4 lamb shanks (about 4 pounds total)
1 large onion, medium diced
3 garlic cloves, roughly chopped
1 cup dry red wine
1/4 cup dry sherry
2 tablespoons balsamic vinegar
2 tablespoons Worcestershire sauce
2 tablespoons tomato paste
5 cups dark chicken stock or veal or beef stock
2 teaspoons fennel seeds, toasted
2 teaspoons yellow mustard seeds, toasted
1 head cauliflower (about 1 pound)
3 tablespoons butter
1 teaspoon olive oil
2 shallots, thinly sliced
2 garlic cloves, thinly sliced
1 teaspoon hot curry powder
1/2 teaspoon yellow curry powder
1. To make the gremolata: Preheat the oven to 350°F.
2. Place the grapes on a silicone baking sheet or wax paper–lined baking sheet. Roast until the grapes are shriveled but not completely dry, about 20 minutes. Remove from the oven and let cool. Leave the oven on.
3. Toss the grapes with the herbs, zests, and oil, and season with salt and pepper. Cover the surface directly with plastic wrap to prevent browning and set aside.
4. To make the lamb: Heat the oil in a large roasting pan over high heat. Season the lamb with salt and pepper. When the oil is very hot, add the shanks and brown on all sides, using tongs to turn. Remove the shanks to a plate and set aside.
5. Reduce the heat under the pan to medium. Add the onions and sweat by cooking until translucent, 2 to 3 minutes. Add the garlic, sautéing for about 30 seconds. Pour in a little of the wine to deglaze the pan, scraping the browned bits from the bottom with a wooden spoon as the liquid evaporates. Add the rest of the wine, the sherry, vinegar, and Worcestershire, and simmer to reduce by half. Add the tomato paste, stirring as it melts into the liquid.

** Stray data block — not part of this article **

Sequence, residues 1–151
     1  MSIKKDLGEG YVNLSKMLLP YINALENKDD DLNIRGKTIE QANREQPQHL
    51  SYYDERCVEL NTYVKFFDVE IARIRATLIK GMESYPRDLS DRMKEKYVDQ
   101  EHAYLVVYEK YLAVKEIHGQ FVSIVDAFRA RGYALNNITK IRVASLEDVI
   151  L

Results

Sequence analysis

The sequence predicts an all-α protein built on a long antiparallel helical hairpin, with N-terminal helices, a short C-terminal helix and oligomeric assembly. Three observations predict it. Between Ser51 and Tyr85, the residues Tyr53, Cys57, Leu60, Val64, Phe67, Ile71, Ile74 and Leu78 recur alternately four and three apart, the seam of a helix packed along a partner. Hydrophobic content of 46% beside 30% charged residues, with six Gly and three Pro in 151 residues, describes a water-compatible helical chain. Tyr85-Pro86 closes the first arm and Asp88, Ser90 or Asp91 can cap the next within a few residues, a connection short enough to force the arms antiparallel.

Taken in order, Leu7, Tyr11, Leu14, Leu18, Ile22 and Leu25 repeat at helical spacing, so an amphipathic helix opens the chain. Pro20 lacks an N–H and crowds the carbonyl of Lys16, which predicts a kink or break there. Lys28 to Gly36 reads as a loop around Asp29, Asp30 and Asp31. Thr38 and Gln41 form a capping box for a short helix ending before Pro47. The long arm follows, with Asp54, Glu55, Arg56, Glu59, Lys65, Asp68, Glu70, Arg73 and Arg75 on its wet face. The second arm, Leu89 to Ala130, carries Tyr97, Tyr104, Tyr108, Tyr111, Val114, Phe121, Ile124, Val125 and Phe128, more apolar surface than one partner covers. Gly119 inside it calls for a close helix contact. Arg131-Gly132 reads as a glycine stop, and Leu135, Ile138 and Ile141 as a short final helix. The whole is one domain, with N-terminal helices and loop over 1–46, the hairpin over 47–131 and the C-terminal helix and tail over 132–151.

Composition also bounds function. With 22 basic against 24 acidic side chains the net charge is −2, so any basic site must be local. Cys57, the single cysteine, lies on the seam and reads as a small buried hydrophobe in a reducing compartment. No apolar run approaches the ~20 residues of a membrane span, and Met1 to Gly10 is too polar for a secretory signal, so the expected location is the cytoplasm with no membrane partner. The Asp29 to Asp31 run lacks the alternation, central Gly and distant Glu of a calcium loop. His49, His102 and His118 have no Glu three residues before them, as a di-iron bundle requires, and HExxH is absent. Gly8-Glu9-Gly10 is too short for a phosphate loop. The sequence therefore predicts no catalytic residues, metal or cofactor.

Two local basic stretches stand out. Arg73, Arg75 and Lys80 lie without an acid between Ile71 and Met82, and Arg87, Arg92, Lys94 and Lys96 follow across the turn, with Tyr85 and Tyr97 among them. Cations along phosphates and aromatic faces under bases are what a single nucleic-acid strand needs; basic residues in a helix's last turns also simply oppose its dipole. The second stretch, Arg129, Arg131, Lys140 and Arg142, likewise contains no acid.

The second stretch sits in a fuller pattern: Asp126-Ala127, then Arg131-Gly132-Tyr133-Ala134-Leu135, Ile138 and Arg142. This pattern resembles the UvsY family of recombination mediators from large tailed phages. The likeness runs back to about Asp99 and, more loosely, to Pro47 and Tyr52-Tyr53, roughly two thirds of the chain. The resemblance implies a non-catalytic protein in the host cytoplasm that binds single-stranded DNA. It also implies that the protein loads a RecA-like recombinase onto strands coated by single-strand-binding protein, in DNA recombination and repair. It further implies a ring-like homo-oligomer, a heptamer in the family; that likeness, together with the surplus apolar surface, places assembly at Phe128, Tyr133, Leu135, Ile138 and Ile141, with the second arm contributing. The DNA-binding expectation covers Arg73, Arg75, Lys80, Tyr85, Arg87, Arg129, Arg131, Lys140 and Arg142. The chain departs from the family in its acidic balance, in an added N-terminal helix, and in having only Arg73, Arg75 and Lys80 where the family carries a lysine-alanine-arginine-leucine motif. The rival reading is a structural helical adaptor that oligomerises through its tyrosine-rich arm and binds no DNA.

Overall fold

6. Return the shanks to the pan, add the stock and toasted fennel and mustard seeds, and cover the pan. Braise the lamb until very tender, 1 1/2 to 2 hours. Remove the shanks from the braising liquid and set aside.
7. While the shanks are cooking, make the cauliflower: Cut the head of cauliflower in half and cut out most of the stem. Cut the florets into 1/4-inch slices.
8. Heat the butter and oil in a large sauté pan over medium-low heat. Add the shallots and garlic and sweat by cooking them until the shallots are translucent, 1 to 2 minutes. Add the cauliflower and toss to coat with the butter and oil. Sauté until the cauliflower releases much of its liquid and begins to brown, 5 to 10 minutes. Reduce the heat to medium-low and continue to sauté until the florets are just tender, an additional 10 minutes, tossing often.
9. Add the curry powders, tossing to coat the florets, and season with salt and pepper. Set aside and cover to keep warm.
10. Strain the braising liquid and simmer to reduce it by a little more than half for a rich sauce. Season with salt.
11. Divide the cauliflower among the plates. Top with lamb shanks, spoon the pan sauce over the top of each, and garnish with a generous sprinkling of gremolata.
Plan of attack
Day before: Make gremolata, cover and refrigerate (bring up to room temp before using).
Cook time: Start the lamb shanks. While they’re braising in the oven, prepare the gremolata. With about 20 minutes left to cook the lamb, prepare the cauliflower.
One of the most classic pairings ever is Bordeaux with lamb, although you could just as well go with a subtle American Cabernet as well. The robustness and the black currant notes go great with the braised meat gravy.